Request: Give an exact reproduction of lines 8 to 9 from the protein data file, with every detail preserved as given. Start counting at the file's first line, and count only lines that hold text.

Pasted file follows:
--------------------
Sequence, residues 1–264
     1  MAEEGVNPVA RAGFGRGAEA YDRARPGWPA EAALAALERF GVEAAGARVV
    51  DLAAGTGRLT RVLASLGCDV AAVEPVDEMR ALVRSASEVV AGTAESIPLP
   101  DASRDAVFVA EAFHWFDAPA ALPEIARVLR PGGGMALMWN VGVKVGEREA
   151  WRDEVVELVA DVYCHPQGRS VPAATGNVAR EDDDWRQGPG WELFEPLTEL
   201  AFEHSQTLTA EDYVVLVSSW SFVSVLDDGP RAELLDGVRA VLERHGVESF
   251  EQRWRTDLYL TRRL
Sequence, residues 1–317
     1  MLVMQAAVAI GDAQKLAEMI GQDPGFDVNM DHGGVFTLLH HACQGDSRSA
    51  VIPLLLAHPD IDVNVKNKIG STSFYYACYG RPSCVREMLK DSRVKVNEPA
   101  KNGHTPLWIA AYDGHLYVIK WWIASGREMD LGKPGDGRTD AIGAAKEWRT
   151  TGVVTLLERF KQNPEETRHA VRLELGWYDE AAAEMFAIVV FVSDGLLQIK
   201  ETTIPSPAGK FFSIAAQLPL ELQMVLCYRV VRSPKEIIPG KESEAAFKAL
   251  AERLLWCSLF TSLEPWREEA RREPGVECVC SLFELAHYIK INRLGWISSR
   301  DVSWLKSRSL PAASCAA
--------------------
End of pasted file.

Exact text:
Sequence, residues 1–317
     1  MLVMQAAVAI GDAQKLAEMI GQDPGFDVNM DHGGVFTLLH HACQGDSRSA